Featured News Music trumps video during lockdown

Media Releases

Wed, 22 Sep 2021

Music trumps video during lockdown

Image: Will Francis

New research shows people who listen to music during lockdown are happier than those who depend on their screens for distraction.

James Cook University psychology lecturer Dr Amanda Krause, along with colleagues from Central Queensland University and the  University of Western Australia, surveyed people about their media habits before and during pandemic lockdowns.

“We know different types of media use may be associated with differences in life satisfaction, and we wanted to explore this possibility under lockdown conditions,” said Dr Krause.

The researchers surveyed 127 university students – a group whose lives were severely disrupted by pandemic restrictions.

“We found that when people listened to more music than was usual for them, they reported higher life satisfaction, and when they watched more TV, movies or streaming videos than was usual for them, they reported lower life satisfaction,” said Dr Krause.

She said it was a case of the chicken and the egg when it came to interpreting the findings, with people who feel good about life possibly listening to more music and those who are less positive resorting to their video devices.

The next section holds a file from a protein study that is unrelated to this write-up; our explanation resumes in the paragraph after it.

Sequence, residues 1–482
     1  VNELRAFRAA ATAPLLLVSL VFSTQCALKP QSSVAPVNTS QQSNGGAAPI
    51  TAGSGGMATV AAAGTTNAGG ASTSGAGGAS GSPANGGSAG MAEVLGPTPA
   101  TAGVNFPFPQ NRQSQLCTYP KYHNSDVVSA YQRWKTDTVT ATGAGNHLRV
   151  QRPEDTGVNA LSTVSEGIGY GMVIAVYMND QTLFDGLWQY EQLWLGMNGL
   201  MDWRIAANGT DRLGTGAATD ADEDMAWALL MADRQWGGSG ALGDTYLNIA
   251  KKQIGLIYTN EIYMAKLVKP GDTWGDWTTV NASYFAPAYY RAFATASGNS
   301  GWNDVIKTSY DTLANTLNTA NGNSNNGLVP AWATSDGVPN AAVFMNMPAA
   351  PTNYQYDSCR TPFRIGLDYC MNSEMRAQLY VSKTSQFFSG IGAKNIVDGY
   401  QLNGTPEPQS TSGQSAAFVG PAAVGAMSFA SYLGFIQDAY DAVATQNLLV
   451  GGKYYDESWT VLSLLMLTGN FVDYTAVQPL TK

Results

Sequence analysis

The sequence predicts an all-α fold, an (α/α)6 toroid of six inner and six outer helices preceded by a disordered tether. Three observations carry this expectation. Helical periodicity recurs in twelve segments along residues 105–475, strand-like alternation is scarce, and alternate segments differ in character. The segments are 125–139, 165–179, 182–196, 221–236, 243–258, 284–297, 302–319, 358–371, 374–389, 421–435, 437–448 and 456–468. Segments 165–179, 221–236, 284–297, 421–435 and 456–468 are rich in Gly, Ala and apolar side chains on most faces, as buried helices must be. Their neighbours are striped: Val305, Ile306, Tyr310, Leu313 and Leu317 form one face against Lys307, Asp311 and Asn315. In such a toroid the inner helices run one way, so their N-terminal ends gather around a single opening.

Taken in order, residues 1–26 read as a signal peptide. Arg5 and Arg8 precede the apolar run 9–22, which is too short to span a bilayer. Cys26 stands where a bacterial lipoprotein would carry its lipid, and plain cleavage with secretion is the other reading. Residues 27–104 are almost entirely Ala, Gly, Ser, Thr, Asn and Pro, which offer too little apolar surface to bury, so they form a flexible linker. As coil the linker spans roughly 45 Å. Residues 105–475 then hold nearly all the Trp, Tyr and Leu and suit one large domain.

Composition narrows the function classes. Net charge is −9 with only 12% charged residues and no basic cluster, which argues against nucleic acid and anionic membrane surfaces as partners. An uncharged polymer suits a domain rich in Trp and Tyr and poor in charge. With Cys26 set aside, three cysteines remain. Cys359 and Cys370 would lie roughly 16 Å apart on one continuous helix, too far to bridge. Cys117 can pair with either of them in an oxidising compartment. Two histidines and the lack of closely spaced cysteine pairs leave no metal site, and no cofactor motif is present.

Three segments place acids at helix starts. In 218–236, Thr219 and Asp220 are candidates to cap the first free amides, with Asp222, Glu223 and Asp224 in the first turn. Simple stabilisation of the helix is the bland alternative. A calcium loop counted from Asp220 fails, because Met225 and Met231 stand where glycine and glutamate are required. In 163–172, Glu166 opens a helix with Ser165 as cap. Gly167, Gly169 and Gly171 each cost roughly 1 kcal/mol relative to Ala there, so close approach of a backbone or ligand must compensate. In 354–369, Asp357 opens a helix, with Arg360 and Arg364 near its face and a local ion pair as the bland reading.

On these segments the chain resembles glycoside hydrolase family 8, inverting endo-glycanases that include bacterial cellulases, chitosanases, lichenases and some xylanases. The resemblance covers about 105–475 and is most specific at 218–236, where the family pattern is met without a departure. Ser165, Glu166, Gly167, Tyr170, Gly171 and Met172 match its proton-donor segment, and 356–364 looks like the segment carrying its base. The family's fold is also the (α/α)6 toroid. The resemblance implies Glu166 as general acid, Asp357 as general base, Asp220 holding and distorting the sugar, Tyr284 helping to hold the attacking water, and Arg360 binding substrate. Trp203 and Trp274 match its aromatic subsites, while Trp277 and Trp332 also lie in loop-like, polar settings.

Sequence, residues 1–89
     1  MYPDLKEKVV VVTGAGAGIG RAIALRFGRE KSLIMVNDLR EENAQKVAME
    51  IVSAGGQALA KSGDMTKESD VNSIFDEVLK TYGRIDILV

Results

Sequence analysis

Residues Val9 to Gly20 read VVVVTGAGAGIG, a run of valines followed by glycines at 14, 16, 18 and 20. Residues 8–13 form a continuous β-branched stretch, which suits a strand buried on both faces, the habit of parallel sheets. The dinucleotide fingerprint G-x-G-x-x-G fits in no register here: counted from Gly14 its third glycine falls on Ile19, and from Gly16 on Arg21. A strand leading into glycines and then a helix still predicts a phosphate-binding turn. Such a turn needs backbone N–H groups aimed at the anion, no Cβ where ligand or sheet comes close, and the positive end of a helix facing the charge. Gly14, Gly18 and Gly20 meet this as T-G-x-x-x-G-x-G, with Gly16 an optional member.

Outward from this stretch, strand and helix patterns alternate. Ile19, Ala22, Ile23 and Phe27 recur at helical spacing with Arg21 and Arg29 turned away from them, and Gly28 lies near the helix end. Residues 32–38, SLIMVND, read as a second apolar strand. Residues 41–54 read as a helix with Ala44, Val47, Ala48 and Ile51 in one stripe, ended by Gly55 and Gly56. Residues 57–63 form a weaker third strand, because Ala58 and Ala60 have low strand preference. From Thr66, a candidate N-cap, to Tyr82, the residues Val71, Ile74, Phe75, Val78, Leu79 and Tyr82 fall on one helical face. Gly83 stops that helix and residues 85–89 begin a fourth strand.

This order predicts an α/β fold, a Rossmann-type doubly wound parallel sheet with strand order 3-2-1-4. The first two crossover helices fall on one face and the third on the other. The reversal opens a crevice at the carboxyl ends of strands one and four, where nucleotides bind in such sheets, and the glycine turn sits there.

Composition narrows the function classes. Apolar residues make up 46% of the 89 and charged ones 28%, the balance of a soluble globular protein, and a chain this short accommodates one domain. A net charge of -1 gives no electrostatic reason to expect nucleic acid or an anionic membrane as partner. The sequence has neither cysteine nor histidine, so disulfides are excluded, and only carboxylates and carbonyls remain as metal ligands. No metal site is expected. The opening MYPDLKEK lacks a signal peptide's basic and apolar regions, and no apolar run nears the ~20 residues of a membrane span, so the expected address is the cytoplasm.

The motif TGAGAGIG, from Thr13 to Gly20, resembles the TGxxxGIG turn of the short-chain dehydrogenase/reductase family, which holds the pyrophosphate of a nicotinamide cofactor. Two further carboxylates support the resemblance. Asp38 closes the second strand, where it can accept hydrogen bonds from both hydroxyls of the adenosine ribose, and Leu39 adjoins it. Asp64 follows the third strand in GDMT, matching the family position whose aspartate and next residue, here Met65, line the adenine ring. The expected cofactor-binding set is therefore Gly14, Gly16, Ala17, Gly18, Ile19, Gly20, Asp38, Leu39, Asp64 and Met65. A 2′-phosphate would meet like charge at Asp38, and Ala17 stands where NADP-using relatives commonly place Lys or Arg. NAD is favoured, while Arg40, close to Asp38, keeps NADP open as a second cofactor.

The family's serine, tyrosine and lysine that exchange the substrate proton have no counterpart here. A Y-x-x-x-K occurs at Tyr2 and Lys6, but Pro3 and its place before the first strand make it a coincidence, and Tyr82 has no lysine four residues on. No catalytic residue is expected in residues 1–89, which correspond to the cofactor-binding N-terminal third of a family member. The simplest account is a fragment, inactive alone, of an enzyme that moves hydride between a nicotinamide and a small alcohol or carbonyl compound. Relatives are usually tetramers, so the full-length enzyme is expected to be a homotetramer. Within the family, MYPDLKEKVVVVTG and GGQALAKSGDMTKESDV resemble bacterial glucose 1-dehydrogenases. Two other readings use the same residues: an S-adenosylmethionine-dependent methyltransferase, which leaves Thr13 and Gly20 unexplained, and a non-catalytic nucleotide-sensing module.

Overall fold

But Dr Krause said it may also be a matter of control.

“Previous research has indicated that listening to music is a relatively active phenomenon and that greater individual control over what is heard is linked to more positive outcomes. It’s possible that because music listening involves higher levels of individual input than watching videos it may be associated with positive outcomes,” said Dr Krause.

She said other research showed people who read books or pursued hobbies were also happier than those who relied on a screen.

“This is useful to know for everyday life, but also especially important relative to experiences of social isolation and loneliness, prominent during COVID-19.

“As loneliness can increase the risk of unhealthy coping behaviours, these findings demonstrate that not all media use aligns with positive well-being outcomes,” said Dr Krause.

Link to paper here.


Dr Amanda Krause
E: amanda.krause1@jcu.edu.au